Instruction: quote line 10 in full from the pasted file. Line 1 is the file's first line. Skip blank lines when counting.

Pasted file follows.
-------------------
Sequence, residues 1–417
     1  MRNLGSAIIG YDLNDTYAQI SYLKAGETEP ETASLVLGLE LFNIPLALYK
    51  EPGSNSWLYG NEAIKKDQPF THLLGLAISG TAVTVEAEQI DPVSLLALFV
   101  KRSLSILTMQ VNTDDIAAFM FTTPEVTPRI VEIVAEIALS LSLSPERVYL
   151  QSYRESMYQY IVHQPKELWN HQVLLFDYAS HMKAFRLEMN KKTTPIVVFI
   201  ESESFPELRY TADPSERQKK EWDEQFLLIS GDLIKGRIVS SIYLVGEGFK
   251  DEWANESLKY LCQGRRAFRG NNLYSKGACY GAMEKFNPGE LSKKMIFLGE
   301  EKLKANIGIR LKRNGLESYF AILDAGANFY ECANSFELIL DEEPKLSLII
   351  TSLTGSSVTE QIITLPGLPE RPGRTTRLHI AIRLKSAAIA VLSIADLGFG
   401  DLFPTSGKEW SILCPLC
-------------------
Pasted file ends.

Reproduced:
   401  DLFPTSGKEW SILCPLC